It all has value, absolutely! The problem is presenting it as "solution to fake news". This is setting the expectations way too high, and is an impossible bar to reach through that approach.
With respect to media environment being technological - it's true, but cultural effects still dominate. If Facebook, for example, added some kind of "fake news" indicator on stories, would it help? Probably not - people who read and reshare them will just ignore it, and would describe it as some kind of nefarious attempt by "Silicon Valley liberals" to push their world view on them. Eventually, someone would make browser extensions that would disable it completely, and people would install that.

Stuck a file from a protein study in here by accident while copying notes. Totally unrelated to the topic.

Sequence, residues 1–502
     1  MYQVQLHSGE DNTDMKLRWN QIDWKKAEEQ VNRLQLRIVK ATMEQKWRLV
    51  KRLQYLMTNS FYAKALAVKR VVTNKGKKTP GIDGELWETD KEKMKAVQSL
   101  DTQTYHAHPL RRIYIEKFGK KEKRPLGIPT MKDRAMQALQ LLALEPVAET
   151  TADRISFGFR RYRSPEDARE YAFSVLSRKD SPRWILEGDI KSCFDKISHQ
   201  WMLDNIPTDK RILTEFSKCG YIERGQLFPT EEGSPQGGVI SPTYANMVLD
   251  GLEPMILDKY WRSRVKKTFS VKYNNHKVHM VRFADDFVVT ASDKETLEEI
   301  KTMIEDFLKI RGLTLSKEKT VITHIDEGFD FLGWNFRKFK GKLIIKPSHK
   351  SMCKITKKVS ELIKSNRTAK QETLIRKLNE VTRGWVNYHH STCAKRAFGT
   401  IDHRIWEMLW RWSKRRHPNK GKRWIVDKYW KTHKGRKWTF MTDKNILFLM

Suppose FB just starts censoring such stories outright? Then they'd simply be shared somewhere else, on a (possibly new) social network created to cater to this freshly alienated by huge market. I would imagine that the guys running Breitbart would just love to give it a go.
Obviously, there are certain social effects - networking etc - that make existing platforms entrenched, and provide barriers to entry for new competitors. But the barriers are not insurmountable, and said social effects can be negated by sufficient amount of inconvenience caused by staying. I assert that any technical solution that is strong enough to actually solve this problem would constitute such sufficient amount of inconvenience.